1. Beetroot Powder

Packing nutrients including potassium, fiber, and folate (vitamin B9), beetroot powder supports healthy blood pressure and circulation while boosting the oxygenation of your body, which, in turn, helps to increase energy. Research has also illustrated the potential of beetroot as an anti-inflammatory, and an “effective means to improve athletic performance”. However, eating too much of the red stuff may cause a surge in blood sugar levels, colored urine and stool, and kidney stones.

2. Rhodiola Rosea

Also known as Arctic Roots or Golden Roots, the herb comes from the mountainous regions of Europe and Asia, and has long been used as a natural tonic, or adaptogen, for improving both physical and mental function. Most often taken in capsule form, studies have shown that it boosts energy while also managing stress.

3. Cordyceps

These parasitic fungi are highly valued because of their tremendous potential to increase energy. Studies show that cordyceps offers fatigue resistance and enhances energy through increased oxygen supply to cells. During the 1992 Summer Olympics, Chinese runners claimed they won because of cordyceps. While there is no guarantee that you will be a champion athlete, taking powdered cordyceps, such as FreshCaps HERO, 100% Pure Cordyceps Militaris Mushroom Extract, is a way to boost energy.

4. Ashwagandha

Another adaptogen that may serve as a natural, potent energy enhancer and stress reliever, ashwagandha (also known as Indian Ginseng) is a shrub that originates from India and northern Africa. Sold as a concentrated powder or capsule, ashwagandha root extract has been shown to enhance endurance in highly trained athletes, as well as decrease anxiety in adults.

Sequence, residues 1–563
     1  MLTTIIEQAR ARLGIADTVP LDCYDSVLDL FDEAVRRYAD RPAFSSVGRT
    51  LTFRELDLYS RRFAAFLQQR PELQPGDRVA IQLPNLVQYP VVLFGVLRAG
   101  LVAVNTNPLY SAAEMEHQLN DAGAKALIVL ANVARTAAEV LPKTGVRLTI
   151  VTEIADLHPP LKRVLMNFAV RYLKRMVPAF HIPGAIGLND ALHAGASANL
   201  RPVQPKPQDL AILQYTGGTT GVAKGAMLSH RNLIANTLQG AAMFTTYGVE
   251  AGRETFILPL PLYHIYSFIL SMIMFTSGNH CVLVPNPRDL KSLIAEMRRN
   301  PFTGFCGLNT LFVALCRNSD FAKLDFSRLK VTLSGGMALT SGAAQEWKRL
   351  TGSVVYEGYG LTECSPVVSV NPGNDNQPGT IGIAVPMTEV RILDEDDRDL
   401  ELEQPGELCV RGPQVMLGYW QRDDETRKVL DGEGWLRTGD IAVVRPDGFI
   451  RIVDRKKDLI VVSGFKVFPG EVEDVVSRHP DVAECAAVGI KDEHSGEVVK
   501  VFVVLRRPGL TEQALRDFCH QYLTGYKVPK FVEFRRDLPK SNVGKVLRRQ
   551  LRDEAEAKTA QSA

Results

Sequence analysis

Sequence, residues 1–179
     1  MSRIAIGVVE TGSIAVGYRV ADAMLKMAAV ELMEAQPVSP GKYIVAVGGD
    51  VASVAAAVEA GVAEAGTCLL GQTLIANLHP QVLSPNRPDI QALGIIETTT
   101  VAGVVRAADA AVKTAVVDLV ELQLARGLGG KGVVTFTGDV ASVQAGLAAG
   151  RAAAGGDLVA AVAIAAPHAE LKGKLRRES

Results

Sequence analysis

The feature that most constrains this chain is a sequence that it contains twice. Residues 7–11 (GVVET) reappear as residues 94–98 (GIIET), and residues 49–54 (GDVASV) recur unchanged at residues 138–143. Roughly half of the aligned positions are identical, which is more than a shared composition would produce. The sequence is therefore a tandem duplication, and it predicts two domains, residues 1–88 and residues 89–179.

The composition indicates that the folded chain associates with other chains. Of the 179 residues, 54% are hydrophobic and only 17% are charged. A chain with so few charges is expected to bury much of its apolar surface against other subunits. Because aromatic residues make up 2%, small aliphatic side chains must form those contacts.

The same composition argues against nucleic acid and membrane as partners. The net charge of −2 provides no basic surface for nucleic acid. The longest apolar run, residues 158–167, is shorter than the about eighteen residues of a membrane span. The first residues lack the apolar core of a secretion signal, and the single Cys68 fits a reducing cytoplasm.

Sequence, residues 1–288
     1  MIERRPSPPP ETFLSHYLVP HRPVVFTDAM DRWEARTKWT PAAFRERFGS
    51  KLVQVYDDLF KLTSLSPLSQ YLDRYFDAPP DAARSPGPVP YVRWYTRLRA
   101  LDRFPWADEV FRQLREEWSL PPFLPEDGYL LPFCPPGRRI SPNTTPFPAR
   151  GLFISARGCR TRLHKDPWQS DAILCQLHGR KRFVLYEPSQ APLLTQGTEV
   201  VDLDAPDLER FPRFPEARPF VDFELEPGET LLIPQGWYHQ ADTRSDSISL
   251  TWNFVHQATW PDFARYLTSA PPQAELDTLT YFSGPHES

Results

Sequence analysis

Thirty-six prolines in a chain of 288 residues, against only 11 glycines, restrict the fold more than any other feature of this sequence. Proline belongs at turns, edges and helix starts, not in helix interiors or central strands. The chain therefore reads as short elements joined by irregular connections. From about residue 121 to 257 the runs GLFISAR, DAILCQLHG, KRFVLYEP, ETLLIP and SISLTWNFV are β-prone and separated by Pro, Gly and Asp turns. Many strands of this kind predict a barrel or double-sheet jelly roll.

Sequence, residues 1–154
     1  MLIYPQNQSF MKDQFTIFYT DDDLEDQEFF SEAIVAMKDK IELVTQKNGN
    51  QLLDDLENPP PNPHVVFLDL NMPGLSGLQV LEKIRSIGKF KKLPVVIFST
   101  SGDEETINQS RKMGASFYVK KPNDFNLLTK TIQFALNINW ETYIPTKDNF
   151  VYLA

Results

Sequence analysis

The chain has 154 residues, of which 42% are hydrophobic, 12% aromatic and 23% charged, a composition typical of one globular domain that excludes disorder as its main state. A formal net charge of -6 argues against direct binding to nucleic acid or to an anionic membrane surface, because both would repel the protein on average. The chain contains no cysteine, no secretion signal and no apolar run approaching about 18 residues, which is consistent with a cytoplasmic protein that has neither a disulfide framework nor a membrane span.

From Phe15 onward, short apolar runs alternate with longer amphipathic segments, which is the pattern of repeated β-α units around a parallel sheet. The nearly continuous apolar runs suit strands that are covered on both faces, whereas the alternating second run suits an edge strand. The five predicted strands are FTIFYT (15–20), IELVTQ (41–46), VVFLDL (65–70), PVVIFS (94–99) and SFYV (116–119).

5. B Vitamins

Essential to energy production, B vitamins are something that everyone needs – you could find yourself tired, weak, irritable, unable to focus, and anemic without them. Because the body cannot make B vitamins, you have to get them either through foods (whole grains, animal proteins, legumes, almonds, and dark, leafy greens) or supplements.

If swallowing pills isn’t your thing, try Vitamin B Complex or Vitamin B12 Spray, which you can spritz under the tongue.

Just be sure to do this every day, as your body doesn’t retain vitamin B.

You can find our favorite capsules, powders, gummies, and other products on the following pages of our website and learn more about each individually:

Best Mushroom Supplements

Best Mushroom Gummies

Best Mushroom Complex

Best Mushroom Coffee

Exercise Improves Energy As Well

If you are really dedicated to kick the caffeine habit, it is time to leave your couch and get moving. Exercise, especially as part of your morning routine, not only releases the endorphins that make you feel good, it improves your cardiovascular health, giving you more stamina as you go through your day. Even moderate exercise can boost the senses, setting the stage for greater mental focus and clarity. Bottom Line: Exercise does not cost anything, and can be a more powerful alternative to caffeine than any supplement or boozy beverage.

Additional Resources:

Natural Stimulants

Growing Functional Mushrooms for Beginners

About the author

Bruce Wilson

I've studied Mycology and Forest Pathology and love creating content to help other learn more about my passion. Follow along as I continue to explore the amazing world of functional fungi!